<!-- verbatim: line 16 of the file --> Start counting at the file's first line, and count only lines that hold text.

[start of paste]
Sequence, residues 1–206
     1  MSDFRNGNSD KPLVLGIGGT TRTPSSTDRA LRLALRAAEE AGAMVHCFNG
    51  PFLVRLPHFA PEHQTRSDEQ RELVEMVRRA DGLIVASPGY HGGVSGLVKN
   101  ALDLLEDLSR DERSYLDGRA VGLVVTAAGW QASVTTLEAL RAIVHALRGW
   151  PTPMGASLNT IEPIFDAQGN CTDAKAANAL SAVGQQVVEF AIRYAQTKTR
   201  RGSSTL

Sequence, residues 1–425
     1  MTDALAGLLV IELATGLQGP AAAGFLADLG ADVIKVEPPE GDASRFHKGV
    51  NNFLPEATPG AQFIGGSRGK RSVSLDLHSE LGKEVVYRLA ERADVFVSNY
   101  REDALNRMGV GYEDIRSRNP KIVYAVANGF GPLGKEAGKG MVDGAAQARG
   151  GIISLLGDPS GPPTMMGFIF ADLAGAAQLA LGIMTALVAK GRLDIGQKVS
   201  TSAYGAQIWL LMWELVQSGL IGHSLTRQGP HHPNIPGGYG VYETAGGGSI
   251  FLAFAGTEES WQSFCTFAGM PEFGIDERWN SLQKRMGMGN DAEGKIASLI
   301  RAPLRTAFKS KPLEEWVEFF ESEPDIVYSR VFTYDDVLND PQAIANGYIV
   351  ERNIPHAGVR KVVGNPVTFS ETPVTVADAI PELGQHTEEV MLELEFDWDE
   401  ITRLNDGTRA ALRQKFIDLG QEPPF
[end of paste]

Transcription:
   401  ITRLNDGTRA ALRQKFIDLG QEPPF